The Pseudolus, with its love-lorn young man and quick-talking slave who try desperately to wrest the captive heroine away from the scheming pimp, is a typical and masterly example of Plautus's genius. Other plays in this volume, adapted from Greek models to the manners and customs of his day, are invaluable historical documents about Roman life. As fresh, witty and perceptive today as the day they were written, they also introduce many classic comic characters and situations: the confusions surrounding the Menaechmus twins inspired Shakespeare's Comedy of Errors; the old miser in The Pot of Gold became Moliere's L'avare; while the sponger in The Prisoners and the swaggering soldier are undying - and hilarious - comic types.
Plautus's broad humor, shown in some of the earliest surviving Latin plays, reflects Roman manners and contemporary life. This briliant collection includes: The Pot of Gold (Aulularia), The Prisoners (Captivi), The Brothers Menaechmus (Menaechmi), The Swaggering Soldier (Miles Gloriosus), and Pseudolus.
For more than seventy years, Penguin has been the leading publisher of classic literature in the English-speaking world. With more than 1,700 titles, Penguin Classics represents a global bookshelf of the best works throughout history and across genres and disciplines. Readers trust the series to provide authoritative texts enhanced by introductions and notes by distinguished scholars and contemporary authors, as well as up-to-date translations by award-winning translators.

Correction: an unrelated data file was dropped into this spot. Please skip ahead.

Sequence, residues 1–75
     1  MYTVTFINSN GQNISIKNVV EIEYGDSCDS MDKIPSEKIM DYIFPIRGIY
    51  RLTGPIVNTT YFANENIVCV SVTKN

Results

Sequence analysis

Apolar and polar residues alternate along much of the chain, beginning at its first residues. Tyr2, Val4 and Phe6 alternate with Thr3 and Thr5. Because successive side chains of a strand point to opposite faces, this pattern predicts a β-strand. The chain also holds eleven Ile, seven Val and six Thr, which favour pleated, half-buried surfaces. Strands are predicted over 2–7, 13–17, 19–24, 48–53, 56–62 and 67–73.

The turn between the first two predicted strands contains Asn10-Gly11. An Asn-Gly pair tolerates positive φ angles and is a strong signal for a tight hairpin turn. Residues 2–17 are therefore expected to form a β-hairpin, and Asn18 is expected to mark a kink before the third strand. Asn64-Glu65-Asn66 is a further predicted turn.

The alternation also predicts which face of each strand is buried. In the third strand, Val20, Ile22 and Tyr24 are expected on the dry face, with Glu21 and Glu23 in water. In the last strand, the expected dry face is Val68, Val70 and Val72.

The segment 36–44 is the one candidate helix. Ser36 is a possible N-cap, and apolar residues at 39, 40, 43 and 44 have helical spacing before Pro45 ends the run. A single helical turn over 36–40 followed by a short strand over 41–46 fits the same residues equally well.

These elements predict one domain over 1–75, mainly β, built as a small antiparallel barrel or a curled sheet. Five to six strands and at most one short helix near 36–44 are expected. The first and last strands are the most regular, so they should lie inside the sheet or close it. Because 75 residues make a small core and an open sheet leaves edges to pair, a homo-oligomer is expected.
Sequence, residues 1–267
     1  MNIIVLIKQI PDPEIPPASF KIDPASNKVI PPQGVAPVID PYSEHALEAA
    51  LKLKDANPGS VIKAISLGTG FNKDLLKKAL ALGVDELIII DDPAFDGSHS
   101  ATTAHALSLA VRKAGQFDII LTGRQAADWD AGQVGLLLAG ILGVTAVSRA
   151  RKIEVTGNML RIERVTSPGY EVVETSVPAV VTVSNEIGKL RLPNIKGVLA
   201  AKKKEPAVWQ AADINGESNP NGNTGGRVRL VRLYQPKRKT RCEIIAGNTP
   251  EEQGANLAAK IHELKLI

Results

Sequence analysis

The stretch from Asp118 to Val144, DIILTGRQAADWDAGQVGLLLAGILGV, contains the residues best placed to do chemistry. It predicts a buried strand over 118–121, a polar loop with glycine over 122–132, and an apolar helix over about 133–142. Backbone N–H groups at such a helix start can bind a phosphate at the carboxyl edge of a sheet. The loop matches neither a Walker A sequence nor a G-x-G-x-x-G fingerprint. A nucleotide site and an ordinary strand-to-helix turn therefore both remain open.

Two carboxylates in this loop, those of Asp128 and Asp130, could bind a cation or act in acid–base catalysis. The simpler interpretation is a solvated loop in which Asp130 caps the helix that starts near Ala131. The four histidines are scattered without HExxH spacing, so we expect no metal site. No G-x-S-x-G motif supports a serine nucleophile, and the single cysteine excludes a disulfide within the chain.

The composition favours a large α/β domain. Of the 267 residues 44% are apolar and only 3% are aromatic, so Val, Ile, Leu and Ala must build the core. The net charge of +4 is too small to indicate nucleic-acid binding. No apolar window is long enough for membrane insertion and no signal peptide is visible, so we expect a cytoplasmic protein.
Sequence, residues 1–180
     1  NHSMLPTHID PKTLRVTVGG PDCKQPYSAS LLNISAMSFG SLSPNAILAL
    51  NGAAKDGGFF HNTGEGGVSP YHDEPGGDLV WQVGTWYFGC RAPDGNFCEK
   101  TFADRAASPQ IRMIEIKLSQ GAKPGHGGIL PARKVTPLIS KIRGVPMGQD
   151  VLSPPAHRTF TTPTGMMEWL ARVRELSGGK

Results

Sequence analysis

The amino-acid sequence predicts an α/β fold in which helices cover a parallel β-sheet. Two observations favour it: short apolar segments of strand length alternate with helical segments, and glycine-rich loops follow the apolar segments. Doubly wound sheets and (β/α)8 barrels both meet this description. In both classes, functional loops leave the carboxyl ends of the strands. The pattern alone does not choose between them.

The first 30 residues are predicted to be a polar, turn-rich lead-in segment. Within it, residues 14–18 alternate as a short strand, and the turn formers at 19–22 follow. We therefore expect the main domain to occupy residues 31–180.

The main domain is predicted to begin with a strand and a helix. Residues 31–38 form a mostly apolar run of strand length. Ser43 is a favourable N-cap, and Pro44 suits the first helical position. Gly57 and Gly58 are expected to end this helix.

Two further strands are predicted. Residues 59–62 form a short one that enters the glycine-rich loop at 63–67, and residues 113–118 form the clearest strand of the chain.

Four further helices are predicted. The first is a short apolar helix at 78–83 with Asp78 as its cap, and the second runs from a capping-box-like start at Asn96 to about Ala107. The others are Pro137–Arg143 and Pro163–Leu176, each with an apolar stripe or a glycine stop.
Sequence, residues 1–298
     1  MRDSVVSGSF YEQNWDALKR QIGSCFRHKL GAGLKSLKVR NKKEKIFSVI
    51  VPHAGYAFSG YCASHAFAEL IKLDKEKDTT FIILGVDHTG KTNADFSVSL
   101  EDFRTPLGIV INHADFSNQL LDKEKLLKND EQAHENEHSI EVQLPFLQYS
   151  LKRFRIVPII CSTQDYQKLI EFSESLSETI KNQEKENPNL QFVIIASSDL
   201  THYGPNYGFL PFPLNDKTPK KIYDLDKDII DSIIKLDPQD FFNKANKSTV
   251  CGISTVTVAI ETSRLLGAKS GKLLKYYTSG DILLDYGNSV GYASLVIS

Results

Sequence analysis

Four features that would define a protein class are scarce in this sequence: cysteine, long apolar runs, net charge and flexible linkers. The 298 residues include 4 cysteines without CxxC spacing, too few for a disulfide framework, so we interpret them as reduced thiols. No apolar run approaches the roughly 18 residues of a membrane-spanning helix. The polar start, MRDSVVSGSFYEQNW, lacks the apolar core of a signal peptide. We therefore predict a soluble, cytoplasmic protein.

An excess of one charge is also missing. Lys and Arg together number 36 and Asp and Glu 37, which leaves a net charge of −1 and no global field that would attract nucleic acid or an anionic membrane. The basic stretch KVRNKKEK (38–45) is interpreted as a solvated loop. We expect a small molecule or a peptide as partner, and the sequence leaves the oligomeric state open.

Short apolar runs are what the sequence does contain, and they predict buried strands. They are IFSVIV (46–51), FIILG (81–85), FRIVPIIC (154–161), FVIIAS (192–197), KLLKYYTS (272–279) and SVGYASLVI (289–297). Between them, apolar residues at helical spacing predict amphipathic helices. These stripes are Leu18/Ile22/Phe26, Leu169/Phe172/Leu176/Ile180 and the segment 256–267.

Titus Maccius Plautus was born in Sarsina, Umbria, in about 254 BC, and was originally named, after his father, Titus. Little is known of his life, but it is believed that he went to Rome when young and worked as a stage assistant. His potential as an actor was discovered and he acquired two other names: Maccius, derived perhaps from the name of a clown in popular farce, and Plautus, a cognomen meaning flat-footed. Somehow Plautus saved enough capital to go into business as a merchant shipper, but this venture collapsed, and he worked (says the tradition) as a millers laborer, and in his spare time studied Greek drama. From the age of forty onwards he achieved increasing success as an adaptor of Greek comedies for the Roman stage. Much of his work seems to be original, however, and not mere translation. He was rewarded by being granted Roman citizenship. According to Cicero he died in 184 BC.
E.F. Watling was educated at Christ's Hospital and University College, Oxford. His translations of Greek and Roman plays for the Penguin Classics include the seven plays of Sophocles, nine plays of Plautus, and a selection of the tragedies of Seneca.